Marcela Romero

Los Angeles Biomedical Research Institute at Harbor-UCLA Medical Center, Torrance, California, United States

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Publications (3)10.91 Total impact

  • [Show abstract] [Hide abstract]
    ABSTRACT: Freshly isolated untreated NK cells undergo rapid apoptosis and lose their cytotoxic function upon the addition of F(ab')2 fragment of anti-CD16 antibodies. Loss of NK cell cytotoxic function after treatment with F(ab')2 fragment of anti-CD16 antibody can be seen against K562 and UCLA-2 oral tumor cells when either added immediately in the co-cultures of NK cells with the tumor cells or after pre-treatment of NK cells with the antibody before their addition to the tumor cells. Addition of Interleukin-2 (IL-2) in combination with anti-CD16 antibody to NK cells delayed the induction of DNA fragmentation in NK cells, and even though decreased cytotoxicity could still be observed against K562 and UCLA-2 oral tumors when compared to IL-2 alone treated NK cells, the cytotoxicity levels remained relatively higher and approached those obtained by untreated NK cells in the absence of antibody treatment. No increases in IFN-gamma, Granzymes A and B, Perforin and TRAIL genes could be seen in NK cells treated with anti-CD16 antibody. Neither secretion of IFN-gamma nor increased expression of CD69 activation antigen could be observed after the treatment of NK cells with anti-CD16 antibody. Furthermore, IL-2 mediated increase in CD69 surface antigens was down-modulated by anti-CD16 antibody. Finally, the addition of anti-CD16 antibody to co-cultures of NK cells with tumor target cells was not inhibitory for the secretion of VEGF by oral tumor cells, unlike those co-cultured with untreated or IL-2 treated NK cells. Thus, binding and triggering of CD16 receptor on NK cells may enhance oral tumor survival and growth by decreased ability of NK cells to suppress VEGF secretion or induce tumor cell death during the interaction of NK cells with oral tumor cells.
    Cancer Immunology and Immunotherapy 08/2008; 57(7):1053-66. · 3.64 Impact Factor
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    ABSTRACT: The aim of this study is to identify the phenotype of resistant oral tumors, and to delineate the contribution of immune effectors to resistance of oral tumors. UCLA-1 oral tumors which were resistant to NK cell mediated cytotoxicity secreted increased amounts of IL-6, IL-1beta, GM-CSF, and IL-8 when cultured with or without immune effectors. In addition, the levels of vascular endothelial growth factor (VEGF) secretion in the co-cultures of naïve immune effectors with UCLA-1 rose significantly when compared to tumor cells alone. IL-2 activated NK cells decreased VEGF secretion in all tumor cells. However, NK cells which were induced to undergo cell death with anti-CD16 antibody were not only unable to decrease VEGF secretion, but they also contributed further to the increase in VEGF secretion by oral tumors. Overall, we show in this paper that naïve as well as non-viable immune effectors may contribute to the growth and resistance of oral tumors by triggering the secretion of key tumor cell growth factors.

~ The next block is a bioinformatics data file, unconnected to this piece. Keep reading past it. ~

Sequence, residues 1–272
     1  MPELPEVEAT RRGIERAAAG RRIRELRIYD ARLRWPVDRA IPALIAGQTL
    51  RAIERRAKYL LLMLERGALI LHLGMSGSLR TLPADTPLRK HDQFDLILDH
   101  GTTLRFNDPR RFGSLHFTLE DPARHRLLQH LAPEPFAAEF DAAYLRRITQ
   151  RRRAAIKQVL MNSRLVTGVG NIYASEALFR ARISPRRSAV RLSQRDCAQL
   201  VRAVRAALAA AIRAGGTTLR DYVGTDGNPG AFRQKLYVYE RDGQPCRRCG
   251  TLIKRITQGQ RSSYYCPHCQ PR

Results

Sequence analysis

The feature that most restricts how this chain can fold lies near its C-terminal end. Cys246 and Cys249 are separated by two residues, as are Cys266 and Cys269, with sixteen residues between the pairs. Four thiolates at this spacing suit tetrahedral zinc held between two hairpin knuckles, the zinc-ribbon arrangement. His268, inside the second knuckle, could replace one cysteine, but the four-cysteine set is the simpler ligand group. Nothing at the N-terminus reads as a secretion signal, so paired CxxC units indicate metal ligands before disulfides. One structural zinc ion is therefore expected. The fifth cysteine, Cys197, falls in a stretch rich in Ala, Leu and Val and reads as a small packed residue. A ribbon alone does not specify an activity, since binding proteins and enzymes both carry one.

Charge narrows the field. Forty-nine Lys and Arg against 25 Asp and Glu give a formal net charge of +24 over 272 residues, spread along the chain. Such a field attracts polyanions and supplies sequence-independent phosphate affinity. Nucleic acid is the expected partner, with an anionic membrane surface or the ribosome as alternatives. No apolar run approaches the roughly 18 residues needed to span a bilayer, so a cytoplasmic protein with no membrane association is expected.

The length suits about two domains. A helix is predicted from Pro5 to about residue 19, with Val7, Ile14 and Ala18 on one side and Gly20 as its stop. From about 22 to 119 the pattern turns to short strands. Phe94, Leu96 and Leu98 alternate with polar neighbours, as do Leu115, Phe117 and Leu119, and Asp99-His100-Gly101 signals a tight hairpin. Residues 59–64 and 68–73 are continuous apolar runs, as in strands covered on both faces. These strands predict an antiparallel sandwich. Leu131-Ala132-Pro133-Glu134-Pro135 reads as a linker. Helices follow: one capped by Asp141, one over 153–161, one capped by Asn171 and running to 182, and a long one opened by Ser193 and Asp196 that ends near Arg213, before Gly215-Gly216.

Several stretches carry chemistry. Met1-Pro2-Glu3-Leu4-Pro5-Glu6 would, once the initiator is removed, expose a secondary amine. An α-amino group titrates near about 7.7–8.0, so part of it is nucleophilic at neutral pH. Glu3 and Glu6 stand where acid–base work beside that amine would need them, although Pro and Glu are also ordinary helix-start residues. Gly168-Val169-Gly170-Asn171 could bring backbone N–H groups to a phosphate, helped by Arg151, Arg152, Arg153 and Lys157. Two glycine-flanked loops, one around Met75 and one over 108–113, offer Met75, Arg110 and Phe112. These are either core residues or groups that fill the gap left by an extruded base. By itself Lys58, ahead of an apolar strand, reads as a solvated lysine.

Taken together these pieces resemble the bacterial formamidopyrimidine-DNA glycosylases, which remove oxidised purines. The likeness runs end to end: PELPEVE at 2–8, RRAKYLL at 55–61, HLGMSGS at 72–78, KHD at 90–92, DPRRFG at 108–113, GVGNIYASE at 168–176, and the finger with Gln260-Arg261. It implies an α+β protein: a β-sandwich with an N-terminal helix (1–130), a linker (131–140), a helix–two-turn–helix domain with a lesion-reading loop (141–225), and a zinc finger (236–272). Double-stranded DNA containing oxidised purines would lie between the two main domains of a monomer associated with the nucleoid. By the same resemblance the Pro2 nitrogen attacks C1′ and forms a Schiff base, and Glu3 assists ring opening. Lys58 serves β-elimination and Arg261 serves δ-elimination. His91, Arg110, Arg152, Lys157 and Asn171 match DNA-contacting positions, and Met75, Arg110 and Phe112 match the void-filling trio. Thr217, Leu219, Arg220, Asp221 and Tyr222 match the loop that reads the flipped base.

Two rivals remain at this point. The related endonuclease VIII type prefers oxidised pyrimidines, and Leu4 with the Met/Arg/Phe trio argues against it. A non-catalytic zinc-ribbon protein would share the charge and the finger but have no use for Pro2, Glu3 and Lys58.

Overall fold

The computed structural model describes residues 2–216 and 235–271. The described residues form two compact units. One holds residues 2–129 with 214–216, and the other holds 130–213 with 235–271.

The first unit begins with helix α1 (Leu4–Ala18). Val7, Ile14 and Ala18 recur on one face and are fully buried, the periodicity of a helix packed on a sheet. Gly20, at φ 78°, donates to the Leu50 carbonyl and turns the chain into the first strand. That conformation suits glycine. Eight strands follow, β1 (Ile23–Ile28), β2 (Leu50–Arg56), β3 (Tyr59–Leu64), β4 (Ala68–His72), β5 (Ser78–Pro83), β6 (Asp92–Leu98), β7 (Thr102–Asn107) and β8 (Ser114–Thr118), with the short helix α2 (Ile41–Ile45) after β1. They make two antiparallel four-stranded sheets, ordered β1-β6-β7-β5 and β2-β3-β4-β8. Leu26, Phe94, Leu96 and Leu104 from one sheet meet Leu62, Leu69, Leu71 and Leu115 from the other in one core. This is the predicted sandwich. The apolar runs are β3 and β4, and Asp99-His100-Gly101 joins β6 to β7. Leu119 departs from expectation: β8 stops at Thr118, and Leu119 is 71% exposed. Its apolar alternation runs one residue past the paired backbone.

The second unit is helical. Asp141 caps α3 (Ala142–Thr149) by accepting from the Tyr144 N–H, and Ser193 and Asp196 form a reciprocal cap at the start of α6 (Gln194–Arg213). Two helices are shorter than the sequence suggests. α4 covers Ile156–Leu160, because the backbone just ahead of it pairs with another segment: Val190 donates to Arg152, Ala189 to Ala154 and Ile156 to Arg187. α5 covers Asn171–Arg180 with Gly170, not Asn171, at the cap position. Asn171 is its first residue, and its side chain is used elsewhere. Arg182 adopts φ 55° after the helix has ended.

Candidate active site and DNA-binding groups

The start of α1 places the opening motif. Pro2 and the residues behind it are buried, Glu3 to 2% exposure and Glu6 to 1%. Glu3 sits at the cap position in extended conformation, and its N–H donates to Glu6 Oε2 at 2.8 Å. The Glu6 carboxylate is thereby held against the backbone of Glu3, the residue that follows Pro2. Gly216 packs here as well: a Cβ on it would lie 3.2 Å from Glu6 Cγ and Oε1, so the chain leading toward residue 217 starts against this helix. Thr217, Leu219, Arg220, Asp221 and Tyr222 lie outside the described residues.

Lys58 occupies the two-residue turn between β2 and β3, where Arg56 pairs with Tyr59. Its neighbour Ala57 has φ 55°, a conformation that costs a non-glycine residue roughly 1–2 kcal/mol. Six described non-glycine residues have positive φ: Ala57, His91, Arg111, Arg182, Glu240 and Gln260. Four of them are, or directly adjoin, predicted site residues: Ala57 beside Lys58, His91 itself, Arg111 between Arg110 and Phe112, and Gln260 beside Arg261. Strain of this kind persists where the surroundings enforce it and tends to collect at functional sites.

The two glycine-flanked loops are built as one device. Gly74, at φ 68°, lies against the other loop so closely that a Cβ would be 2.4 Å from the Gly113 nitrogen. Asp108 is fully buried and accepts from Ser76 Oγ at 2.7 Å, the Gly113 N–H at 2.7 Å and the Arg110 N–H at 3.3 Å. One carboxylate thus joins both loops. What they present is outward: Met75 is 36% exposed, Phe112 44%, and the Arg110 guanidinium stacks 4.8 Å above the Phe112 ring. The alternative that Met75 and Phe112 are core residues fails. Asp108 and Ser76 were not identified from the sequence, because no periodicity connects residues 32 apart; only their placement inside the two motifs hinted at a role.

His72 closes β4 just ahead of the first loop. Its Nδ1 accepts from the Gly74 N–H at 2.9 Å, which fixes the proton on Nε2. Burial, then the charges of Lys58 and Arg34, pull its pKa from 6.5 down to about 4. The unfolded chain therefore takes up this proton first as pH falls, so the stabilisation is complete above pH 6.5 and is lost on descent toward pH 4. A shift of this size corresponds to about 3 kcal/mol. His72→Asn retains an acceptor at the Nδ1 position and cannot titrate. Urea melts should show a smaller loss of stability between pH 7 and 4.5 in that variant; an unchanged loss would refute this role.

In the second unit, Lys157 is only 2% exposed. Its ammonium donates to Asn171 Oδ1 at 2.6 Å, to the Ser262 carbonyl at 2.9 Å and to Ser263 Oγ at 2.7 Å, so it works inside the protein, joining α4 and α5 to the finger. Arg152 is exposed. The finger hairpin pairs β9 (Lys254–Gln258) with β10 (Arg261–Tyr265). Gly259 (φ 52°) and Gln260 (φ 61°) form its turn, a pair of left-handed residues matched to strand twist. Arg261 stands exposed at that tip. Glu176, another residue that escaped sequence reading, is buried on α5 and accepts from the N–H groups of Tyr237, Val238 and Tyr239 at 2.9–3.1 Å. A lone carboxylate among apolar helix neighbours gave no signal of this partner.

Cancer Immunology and Immunotherapy 04/2008; 57(3):359-66. · 3.64 Impact Factor
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    ABSTRACT: The aim of this study is to identify candidate factors which may be responsible for the functional inactivation and depletion of NK cells by tumor cells. Inhibition of NFkappaB activity by an IkappaB super-repressor in HEp2 cells, a cell line commonly used as an oral tumor model, blocked tumor-induced NK cell death, and increased the function of NK cells significantly. Increased expression of CD69 early activation antigen on NK cells as well as augmented proliferation and secretion of IFN-gamma by NK cells were observed when these cells were co-incubated with IkappaB super-repressor transfected HEp2 cells (HEp2-IkappaB((S32AS36A))). More importantly, the secretion of IL-6 was significantly inhibited when NK cells were co-cultured with HEp2-IkappaB((S32AS36A)) cells. In addition, the survival and function of cytotoxic effector cells remained significantly elevated in the presence of IFN-gamma-treated HEp2-IkappaB((S32AS36A)) cells when compared to either untreated or IFN-gamma-treated vector-alone transfected HEp2 cells. Similar findings to those obtained using purified peripheral blood NK cells were also observed when non-fractionated peripheral blood mononuclear cells were used in the co-cultures of immune effectors with HEp2 cell transfectants. Addition of recombinant human IL-6 to the co-cultures of immune effectors with the NFkappaB knockdown HEp2 tumor cells substantially decreased the levels of secreted IFN-gamma. Thus, the results presented in this paper suggest that the inhibition of NFkappaB function in oral tumors may serve to activate and expand the function and numbers of NK cells. Moreover, NFkappaB-mediated increase in IL-6 secretion by oral tumors may in part be responsible for the observed inactivation and death of the immune effectors.
    Cancer Immunology and Immunotherapy 10/2006; 55(9):1052-63. · 3.64 Impact Factor

Publication Stats

39 Citations
10.91 Total Impact Points

Institutions

  • 2008
    • Los Angeles Biomedical Research Institute at Harbor-UCLA Medical Center
      Torrance, California, United States
  • 2006
    • Comprehensive Cancer Centers of Nevada
      Las Vegas, Nevada, United States